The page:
The OP didn't have problems with water getting into the seat tube.  He  wrote; "I tilted the bike up for some reason and orange water poured out through the weep holes on the chainstays."  Greasing the seatpost wouldn't have helped this. 

Actually, I don't expect a steel frame will rust through in any reasonable time unless subject to very frequent rain and/or salt conditions as in the Pacific Northwest or if ridden throughout the winter in the Northeast or Midweast.   However, Frame Saver/Amsoil HEDP are so cheap and so easy to apply that I see no reason to avoid them and they can do  a world of good if you really want to protect a steel frame long term.   

Case in point: I have an '83 Trek 400 lugged steel frame that was my rain/errand bike for many years.  I treated it with Frame Saver when I first got it (1998) and after 12 years of rain and abuse it is still completely solid and rust free.  And, yes, I've poured water out of the frame tubes after a heavy rain despite a lot of grease on the seatpost.  Cheap insurance.   

Offline paddleboy17

Re: Frame Saver or T-9?
« Reply #11 on: July 17, 2012, 09:01:29 am »
Treating modern steel frames is just a talisman and products such as Frame Saver are only necessary to separate cyclists from their dollars. Unless you are regularly immersing your frame or exposing your frame to other catalysts, specifically salt, CrMo frames will form a small amount of surface oxidation and that's it. Seriously, when was the last time you even heard of a steel frame developing more rust than surface scaling?

More importantly, grease your seatpost and put on full coverage fenders. No more water in frame.

In my neighborhood, they use road salt in the winter time, and I worry about my frame rusting out.  So I bought and applied frame saver.  It left a thick film on the inside of the frame, and I expect it to extend the life of the frame.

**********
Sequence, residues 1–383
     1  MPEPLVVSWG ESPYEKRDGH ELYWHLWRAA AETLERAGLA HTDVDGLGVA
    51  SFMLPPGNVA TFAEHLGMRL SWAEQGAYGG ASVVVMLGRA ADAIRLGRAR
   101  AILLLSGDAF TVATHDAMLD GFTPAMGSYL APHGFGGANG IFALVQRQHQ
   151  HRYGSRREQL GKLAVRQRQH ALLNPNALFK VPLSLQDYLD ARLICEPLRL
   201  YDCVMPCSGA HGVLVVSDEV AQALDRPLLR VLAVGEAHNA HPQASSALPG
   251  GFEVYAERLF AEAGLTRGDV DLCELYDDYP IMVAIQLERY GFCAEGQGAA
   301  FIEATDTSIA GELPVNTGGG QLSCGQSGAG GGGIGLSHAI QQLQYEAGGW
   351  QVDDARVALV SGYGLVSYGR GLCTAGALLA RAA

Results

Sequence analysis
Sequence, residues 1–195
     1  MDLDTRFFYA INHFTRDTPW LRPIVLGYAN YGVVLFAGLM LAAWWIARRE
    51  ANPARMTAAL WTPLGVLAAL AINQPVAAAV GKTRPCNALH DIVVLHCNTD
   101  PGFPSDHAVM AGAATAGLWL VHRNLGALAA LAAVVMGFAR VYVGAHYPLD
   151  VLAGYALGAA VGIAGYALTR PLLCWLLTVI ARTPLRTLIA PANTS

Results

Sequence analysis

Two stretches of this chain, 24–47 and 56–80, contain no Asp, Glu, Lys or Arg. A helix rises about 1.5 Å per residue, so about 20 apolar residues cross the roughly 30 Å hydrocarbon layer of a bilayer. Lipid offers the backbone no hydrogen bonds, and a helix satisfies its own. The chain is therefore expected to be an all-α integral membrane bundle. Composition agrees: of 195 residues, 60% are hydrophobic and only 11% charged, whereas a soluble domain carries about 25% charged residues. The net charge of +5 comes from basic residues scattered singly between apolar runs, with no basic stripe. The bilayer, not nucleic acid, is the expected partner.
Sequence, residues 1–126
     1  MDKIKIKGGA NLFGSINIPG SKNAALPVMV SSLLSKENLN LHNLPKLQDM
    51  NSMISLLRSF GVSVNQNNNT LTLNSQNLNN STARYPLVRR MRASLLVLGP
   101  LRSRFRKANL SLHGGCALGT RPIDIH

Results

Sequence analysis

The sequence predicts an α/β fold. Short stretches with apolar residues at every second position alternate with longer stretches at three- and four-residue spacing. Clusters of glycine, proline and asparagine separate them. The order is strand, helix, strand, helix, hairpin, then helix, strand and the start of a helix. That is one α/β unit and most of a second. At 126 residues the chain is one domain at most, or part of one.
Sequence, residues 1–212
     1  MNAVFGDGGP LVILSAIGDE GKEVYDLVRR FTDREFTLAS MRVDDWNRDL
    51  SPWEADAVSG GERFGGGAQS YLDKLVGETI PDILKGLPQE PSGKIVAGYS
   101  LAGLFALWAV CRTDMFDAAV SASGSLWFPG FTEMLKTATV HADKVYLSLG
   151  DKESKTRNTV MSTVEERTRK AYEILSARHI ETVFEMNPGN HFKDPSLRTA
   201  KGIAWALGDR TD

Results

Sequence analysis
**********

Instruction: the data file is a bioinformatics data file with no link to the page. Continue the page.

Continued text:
Danno

Offline james2u

Re: Frame Saver or T-9?
« Reply #12 on: September 15, 2012, 08:33:24 pm »
   I use LPS on my steel frames. I think any of the above products are better than nothing at all.
Cara

Offline dkoloko

Re: Frame Saver or T-9?
« Reply #13 on: September 16, 2012, 05:36:02 am »
"Linseed oil is a coating but that's all.  It's only advantage is low price and availability from any paint or hardware store.  It's also more difficult to apply properly, particularly to the chain and seat stays and fork blades and is very slow drying."

Boiled linseed oil is boiled to accelerate drying.   

Offline DaveB

Re: Frame Saver or T-9?
« Reply #14 on: September 16, 2012, 07:53:51 pm »
"Linseed oil is a coating but that's all.  It's only advantage is low price and availability from any paint or hardware store.  It's also more difficult to apply properly, particularly to the chain and seat stays and fork blades and is very slow drying."

Boiled linseed oil is boiled to accelerate drying.
Yes but that doesn't make it dry fast, only faster than raw oil which takes forever to dry.   Also linseed oil is only a coating and has to rely on a film free of voids to work.  Frame Saver and Amsiol not only dry in a tiny fraction of the time of any type linseed oil but also contain specific corrosion inhibitors that protect far better than linseed oil.